Introduction to four key MariaDB client commands

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It’s time to get to know four of the most commonly used administration commands for your MariaDB server: mysql, mysqladmin, mysqldump, and mysqlimport.

The examples run these commands on the server rather than over the network. You’ll be prompted for your password; if you want to save a few keystrokes you can record your password in a configuration file, which also solves the problem of how to pass a password if you want to use any of these commands in an unattended script. Doubtless you’re aware of how to pass in your password directly in your commands, but doing this creates a security hole because it records your passwords in your shell history, and in status applications such as ps. It is safer to be prompted, or to use a configuration file.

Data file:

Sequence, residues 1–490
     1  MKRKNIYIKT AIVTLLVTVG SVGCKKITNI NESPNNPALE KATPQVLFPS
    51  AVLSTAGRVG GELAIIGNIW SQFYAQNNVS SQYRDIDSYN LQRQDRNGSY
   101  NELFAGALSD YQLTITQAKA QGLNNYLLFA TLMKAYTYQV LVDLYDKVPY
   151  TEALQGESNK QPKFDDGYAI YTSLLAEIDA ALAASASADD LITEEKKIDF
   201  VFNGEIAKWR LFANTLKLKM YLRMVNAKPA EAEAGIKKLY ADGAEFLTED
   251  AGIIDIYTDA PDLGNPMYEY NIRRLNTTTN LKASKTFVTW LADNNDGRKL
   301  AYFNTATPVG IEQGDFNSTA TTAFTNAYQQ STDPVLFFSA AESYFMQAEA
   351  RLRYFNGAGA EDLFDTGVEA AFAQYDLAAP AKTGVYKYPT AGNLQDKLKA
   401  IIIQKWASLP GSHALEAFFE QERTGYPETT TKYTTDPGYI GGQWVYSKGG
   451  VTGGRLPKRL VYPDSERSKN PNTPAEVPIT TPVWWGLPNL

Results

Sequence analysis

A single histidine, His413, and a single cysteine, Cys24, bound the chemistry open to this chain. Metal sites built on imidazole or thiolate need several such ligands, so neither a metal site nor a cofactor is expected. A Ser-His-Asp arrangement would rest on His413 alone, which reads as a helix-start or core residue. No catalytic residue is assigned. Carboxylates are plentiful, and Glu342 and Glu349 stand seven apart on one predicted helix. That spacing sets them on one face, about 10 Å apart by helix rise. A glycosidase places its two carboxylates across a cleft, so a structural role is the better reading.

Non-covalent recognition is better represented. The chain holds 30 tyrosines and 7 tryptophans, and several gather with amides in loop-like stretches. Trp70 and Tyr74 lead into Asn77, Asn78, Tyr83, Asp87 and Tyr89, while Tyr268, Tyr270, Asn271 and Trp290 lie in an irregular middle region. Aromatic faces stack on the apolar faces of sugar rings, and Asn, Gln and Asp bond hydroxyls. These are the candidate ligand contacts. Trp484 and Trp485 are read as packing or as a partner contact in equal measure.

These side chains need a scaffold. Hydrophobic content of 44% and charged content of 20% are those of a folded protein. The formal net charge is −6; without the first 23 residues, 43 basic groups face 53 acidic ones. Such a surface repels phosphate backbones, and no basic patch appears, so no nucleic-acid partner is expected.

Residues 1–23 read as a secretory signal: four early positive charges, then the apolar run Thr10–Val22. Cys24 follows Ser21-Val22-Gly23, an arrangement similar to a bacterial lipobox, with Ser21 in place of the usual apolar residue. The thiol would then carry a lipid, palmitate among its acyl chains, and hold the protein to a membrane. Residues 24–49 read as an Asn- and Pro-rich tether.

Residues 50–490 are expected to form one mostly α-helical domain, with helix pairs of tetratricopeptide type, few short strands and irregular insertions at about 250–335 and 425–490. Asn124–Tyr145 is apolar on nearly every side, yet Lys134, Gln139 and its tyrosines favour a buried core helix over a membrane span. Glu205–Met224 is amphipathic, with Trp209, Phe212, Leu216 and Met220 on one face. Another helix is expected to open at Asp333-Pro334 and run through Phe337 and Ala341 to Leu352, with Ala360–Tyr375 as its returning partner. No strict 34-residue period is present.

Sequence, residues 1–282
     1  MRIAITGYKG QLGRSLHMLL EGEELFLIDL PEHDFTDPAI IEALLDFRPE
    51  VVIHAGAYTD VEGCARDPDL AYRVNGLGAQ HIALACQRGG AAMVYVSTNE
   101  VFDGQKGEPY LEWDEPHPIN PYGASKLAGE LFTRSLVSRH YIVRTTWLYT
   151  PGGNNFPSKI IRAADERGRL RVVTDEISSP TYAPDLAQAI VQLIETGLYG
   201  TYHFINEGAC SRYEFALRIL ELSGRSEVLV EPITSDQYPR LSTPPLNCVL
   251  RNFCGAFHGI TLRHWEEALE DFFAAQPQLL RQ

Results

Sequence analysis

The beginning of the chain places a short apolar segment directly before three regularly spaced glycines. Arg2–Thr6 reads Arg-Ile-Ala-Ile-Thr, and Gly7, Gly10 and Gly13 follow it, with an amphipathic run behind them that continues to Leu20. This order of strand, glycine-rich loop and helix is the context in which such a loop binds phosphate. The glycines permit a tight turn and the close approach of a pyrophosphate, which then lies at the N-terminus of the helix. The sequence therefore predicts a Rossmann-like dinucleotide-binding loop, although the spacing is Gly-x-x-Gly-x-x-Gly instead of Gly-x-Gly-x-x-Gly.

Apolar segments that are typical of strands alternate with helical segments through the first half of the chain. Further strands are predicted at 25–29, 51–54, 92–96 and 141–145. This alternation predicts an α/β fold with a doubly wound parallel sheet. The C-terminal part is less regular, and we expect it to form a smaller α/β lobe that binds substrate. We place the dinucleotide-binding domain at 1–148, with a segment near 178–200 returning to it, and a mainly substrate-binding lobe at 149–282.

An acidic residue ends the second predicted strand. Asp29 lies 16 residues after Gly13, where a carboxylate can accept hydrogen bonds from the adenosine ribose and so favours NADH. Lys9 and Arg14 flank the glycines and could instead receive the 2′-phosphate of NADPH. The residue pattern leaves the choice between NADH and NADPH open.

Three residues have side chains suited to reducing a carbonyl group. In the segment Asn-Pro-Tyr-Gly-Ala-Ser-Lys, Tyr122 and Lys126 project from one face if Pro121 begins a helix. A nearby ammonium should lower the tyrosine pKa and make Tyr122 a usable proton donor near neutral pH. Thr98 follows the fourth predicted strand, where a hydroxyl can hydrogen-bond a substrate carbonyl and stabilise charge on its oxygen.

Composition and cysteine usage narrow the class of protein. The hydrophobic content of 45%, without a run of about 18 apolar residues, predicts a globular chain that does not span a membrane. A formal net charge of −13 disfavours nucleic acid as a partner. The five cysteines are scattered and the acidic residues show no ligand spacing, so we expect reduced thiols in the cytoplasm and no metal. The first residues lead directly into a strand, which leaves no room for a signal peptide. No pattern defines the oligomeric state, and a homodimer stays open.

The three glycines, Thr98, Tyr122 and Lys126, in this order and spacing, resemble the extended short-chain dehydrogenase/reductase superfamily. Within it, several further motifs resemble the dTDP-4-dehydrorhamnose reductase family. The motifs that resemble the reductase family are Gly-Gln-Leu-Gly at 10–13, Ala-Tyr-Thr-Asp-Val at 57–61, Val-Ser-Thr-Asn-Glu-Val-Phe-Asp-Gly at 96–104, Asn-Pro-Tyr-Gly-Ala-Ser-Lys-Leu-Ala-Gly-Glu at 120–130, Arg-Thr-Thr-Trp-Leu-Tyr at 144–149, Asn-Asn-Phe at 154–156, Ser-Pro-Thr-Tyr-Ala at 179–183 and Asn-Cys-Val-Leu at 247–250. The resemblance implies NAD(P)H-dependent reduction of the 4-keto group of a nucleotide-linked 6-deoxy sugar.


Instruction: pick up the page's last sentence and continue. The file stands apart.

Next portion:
Let’s look at a few example commands, in which I’ll use my own username, example database names like db1 and db2, and example table names like table1 and table2.

You’ll use mysql a lot for administering your MariaDB server. mysql is an interactive command shell for all database operations: managing users and tables; maintaining databases; manipulating data; administering plugins, transactions, and slave servers; and all other administration tasks. When you are logged in to a mysql session, run help contents for detailed help and command options:

$ mysql -u carla -p
MariaDB [(none)]> help contents
You asked for help about help category: "Contents"
For more information, type 'help ', where  is one of the following
   Account Management
   Compound Statements
   Data Definition
   Data Manipulation
   Data Types
   Functions and Modifiers for Use with GROUP BY
   Geographic Features